Social desirability bias could also be called lying and cowardice
How you become unmoored from reality by caring what people think of you
Everyone paying attention to the news last year was horrified by blanket media coverage of the discovery of mass unmarked graves for Canadian indigenous children. The revelation of these victims of Catholic schools so enraged people that Canada saw a wave of church burnings and solemn declarations that it was Canada's 'George Floyd moment'.
As it turned out, a charitable verdict on the story is that it was mistaken. Less charitably it is now described by many as a hoax. Either way, it didn't happen.
If you were aware of the original story, but unaware that it turned out to be false, that's social desirability bias at work - among journalists, publishers, academics, public officials and others who mediate reality for the rest of us. And it's social desirability bias guiding you too, so that you aren't looking outside your bubble for information.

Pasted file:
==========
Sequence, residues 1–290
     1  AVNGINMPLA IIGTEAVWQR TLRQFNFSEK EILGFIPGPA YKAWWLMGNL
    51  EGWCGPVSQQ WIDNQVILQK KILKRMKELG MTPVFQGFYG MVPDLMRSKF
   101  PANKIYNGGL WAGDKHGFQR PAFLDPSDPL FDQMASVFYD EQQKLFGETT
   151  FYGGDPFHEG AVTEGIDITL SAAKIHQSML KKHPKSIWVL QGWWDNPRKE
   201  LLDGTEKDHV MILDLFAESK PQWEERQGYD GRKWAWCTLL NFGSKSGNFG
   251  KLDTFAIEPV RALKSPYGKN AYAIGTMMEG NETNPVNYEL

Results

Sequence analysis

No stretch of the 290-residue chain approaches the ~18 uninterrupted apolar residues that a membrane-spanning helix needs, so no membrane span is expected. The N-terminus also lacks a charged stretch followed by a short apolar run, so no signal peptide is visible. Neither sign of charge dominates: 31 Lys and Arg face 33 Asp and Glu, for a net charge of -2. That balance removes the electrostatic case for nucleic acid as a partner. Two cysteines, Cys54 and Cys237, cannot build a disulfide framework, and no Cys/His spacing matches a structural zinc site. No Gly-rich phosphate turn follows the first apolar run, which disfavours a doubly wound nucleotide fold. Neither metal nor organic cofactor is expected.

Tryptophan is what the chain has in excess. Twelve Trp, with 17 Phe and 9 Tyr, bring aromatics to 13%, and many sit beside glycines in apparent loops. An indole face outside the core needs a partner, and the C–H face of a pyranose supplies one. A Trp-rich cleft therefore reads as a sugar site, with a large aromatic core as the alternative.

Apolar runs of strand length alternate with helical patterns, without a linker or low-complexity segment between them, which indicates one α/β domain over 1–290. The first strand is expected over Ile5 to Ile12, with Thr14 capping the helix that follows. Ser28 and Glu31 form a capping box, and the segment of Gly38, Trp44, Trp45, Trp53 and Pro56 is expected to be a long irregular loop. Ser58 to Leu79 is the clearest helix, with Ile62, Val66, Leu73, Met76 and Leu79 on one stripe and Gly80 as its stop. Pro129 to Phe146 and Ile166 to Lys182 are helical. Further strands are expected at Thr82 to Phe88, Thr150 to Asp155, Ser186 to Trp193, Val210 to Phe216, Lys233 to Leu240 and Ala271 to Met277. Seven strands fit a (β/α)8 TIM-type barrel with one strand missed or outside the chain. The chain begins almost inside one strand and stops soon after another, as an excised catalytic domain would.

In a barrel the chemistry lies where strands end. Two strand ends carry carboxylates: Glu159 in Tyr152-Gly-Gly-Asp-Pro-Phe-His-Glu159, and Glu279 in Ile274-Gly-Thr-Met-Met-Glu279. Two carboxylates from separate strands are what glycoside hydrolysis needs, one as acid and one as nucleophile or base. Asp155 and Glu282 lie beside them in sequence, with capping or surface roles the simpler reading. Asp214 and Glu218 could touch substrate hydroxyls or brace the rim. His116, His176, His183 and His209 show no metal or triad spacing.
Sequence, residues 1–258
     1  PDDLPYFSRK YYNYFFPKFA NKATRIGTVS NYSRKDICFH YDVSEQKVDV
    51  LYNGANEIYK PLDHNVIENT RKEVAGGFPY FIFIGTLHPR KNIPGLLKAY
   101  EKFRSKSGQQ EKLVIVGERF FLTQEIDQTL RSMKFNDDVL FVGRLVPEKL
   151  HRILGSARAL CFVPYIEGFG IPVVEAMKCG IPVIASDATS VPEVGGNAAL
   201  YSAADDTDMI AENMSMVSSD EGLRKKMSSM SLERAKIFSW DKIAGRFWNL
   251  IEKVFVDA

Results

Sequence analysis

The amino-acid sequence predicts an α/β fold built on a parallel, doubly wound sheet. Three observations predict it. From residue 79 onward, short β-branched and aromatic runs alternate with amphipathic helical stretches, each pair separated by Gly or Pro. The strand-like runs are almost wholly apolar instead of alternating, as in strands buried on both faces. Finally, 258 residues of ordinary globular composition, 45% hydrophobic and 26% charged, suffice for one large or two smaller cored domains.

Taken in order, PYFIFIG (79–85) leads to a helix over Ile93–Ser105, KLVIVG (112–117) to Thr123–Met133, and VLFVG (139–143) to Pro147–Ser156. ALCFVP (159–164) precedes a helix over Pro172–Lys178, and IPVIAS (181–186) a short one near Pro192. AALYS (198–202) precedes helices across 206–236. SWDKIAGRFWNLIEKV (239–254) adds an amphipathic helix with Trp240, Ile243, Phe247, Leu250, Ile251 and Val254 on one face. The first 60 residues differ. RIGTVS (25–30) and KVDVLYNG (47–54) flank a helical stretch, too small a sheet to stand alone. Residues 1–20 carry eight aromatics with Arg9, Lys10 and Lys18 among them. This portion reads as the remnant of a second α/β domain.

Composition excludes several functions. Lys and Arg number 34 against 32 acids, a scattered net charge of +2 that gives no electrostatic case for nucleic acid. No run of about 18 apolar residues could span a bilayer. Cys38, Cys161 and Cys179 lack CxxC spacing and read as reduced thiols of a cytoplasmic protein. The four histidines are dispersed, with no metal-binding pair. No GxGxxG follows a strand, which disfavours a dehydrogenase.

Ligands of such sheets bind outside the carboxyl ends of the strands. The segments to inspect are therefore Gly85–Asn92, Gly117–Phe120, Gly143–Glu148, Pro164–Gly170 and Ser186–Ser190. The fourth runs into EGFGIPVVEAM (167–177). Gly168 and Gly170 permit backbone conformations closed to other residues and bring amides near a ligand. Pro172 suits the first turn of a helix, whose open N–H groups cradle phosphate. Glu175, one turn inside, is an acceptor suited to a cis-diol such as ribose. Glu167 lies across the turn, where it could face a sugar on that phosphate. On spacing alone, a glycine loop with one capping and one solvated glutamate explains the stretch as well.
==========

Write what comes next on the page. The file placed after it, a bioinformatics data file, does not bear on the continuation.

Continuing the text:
I just listened to an interview with the man who debunked the graves story. Terry Glavin has spent a lifetime chronicling the abuses of Canada's First Nation peoples but when he published a piece about the media coverage of the graves that never were the predictable claim was that he was engaging in 'genocide denial'.
That these howls came from high status people in academia, publishing and public life, suggests that these people weren't too thick to understand what had - or hadn't - just happened. They were scared of disapproval. Utterly in hock to social desirability bias.
There are so many stories with this quality; didn't happen but too risky to correct or express an honest view about.
The first time I noticed this phenomenon was on Twitter, when I made an observation about the police shooting of Jacob Blake.
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